Presidential Appointees vs. Career Bureaucrats: Of the 2.2 million federal civil workers, only 4,000 are presidential appointees. The vast majority, made up of career bureaucrats, continue in their roles from one administration to the next. This continuity is facilitated by rules that make it exceedingly difficult to discipline or replace them, resulting in a bureaucracy that tends to lean left politically.

Union Political Affiliation: A striking 95% of unionized federal employees who donate to political candidates support Democrats, according to Open Secrets, with only 5% favoring Republicans. This significant political skew among federal workers raises questions about the potential for political bias in the execution of government policies.

Obstructionism and Challenges for GOP Presidents: Some career bureaucrats have been accused of obstructing Republican presidents’ agendas, leading to policy delays and challenges. For example, during the Trump administration, career lawyers in the Department of Justice’s Civil Rights Division declined to challenge Yale University’s discrimination against Asian American applicants, prompting Trump to seek legal counsel from other divisions. The case was subsequently dropped when Joe Biden took office.

Biden’s Countermeasures: President Biden has taken steps to protect the bureaucracy’s status quo. In October 2020, Trump issued an executive order aiming to reclassify federal workers who make policy as at-will employees, but Biden canceled it upon taking office.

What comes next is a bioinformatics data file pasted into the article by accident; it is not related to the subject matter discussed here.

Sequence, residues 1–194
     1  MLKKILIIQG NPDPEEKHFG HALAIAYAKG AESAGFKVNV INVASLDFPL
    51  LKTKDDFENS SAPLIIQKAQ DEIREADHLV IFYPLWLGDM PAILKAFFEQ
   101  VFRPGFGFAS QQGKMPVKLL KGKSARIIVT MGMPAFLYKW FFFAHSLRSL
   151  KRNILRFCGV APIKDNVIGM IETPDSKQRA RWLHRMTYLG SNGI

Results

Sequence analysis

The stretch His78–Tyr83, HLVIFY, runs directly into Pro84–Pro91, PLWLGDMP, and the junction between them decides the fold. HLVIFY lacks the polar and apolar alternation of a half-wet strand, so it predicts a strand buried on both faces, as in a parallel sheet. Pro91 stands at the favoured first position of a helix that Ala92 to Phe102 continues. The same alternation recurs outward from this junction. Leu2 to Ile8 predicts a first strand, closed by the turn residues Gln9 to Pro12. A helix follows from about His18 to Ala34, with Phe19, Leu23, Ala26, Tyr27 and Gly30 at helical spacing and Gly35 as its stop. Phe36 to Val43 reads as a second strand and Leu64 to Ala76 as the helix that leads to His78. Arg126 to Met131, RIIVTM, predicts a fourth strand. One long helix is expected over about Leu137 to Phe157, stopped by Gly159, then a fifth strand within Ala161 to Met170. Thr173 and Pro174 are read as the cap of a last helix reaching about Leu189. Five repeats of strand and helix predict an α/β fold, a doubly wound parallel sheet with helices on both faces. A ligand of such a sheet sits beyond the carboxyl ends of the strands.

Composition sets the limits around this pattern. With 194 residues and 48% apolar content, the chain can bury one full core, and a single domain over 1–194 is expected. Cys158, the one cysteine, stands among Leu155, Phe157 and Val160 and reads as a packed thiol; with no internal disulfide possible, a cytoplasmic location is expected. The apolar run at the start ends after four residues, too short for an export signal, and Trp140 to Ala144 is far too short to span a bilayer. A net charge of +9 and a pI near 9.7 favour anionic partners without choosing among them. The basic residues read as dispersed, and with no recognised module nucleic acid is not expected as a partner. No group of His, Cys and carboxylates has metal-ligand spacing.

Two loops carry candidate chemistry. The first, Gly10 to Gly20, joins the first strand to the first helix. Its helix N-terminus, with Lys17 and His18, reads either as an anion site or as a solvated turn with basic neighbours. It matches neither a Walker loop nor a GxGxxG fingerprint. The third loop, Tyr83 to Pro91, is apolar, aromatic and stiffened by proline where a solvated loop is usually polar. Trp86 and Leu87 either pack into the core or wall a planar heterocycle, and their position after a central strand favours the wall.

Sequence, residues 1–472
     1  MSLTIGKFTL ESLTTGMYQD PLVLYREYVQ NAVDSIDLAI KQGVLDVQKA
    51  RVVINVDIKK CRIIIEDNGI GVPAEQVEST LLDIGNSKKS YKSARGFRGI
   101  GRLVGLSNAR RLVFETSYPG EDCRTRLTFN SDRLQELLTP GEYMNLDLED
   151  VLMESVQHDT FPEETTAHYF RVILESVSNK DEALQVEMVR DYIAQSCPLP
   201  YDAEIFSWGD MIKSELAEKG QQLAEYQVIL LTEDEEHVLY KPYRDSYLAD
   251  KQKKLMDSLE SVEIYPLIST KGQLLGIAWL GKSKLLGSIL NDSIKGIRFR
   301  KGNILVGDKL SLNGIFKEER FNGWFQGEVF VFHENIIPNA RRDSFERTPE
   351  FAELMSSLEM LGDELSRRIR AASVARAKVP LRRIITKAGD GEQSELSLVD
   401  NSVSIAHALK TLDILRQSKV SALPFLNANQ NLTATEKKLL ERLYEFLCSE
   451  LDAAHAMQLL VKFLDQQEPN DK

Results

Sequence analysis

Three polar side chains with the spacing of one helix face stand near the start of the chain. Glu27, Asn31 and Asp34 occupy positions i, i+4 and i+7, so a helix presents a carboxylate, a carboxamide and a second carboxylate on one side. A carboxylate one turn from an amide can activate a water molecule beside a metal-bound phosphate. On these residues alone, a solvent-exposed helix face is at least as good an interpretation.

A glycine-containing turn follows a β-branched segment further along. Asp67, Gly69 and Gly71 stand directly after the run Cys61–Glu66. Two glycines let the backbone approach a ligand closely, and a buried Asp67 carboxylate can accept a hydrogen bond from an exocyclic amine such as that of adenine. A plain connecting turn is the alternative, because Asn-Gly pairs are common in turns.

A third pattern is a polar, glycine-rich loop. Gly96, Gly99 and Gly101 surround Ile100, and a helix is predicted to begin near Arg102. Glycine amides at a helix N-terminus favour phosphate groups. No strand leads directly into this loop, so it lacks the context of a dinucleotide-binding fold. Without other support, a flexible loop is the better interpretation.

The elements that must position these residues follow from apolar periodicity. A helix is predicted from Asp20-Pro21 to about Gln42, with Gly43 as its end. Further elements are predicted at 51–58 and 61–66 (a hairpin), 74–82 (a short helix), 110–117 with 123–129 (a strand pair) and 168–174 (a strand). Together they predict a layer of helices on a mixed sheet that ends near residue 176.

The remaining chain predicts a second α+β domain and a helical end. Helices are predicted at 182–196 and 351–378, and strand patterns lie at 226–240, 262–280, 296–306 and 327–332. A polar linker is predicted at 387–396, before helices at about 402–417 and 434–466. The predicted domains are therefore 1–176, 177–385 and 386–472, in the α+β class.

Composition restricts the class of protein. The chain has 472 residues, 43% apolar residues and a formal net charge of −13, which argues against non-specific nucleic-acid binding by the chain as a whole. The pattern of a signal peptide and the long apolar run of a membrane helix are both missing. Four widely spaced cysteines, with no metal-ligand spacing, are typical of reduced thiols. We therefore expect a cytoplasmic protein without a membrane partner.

Proposed Rule and Congressional Actions: The rule unveiled by the Biden administration seeks to further impede a president’s ability to reinstate Trump’s order. Additionally, some Democrats in Congress are pushing to eliminate the president’s authority to reclassify jobs entirely. This has been referred to as an attempt to “Trump-proof the federal workforce.”

Republican Candidates’ Pledge: GOP candidates such as President Donald J Trump, Vivek Ramaswamy, and Ron DeSantis have pledged to address this issue. According to reports from Fox News, Ramaswamy has gone further, advocating for the elimination of half or more of civil service positions, emphasizing the need for accountability.

Debate on the Merit of the Civil Service: While Democrats and their media allies argue that civil service protects merit over patronage, critics contend that the system has evolved into a form of job security for federal workers with minimal accountability. Federal employees often receive higher salaries and more substantial benefits than their private-sector counterparts.

In summary, the Biden administration’s proposed rule and broader actions to protect the federal bureaucracy have sparked a debate over the role of career bureaucrats in shaping government policy.

Republican candidates are vowing to address these concerns, highlighting the need for accountability and ensuring that government agencies work in alignment with the elected president’s agenda. This ongoing debate raises important questions about the relationship between the bureaucracy and the democratic process in the United States.

Information in this article was retrieved from Fox News.

You may like

Continue Reading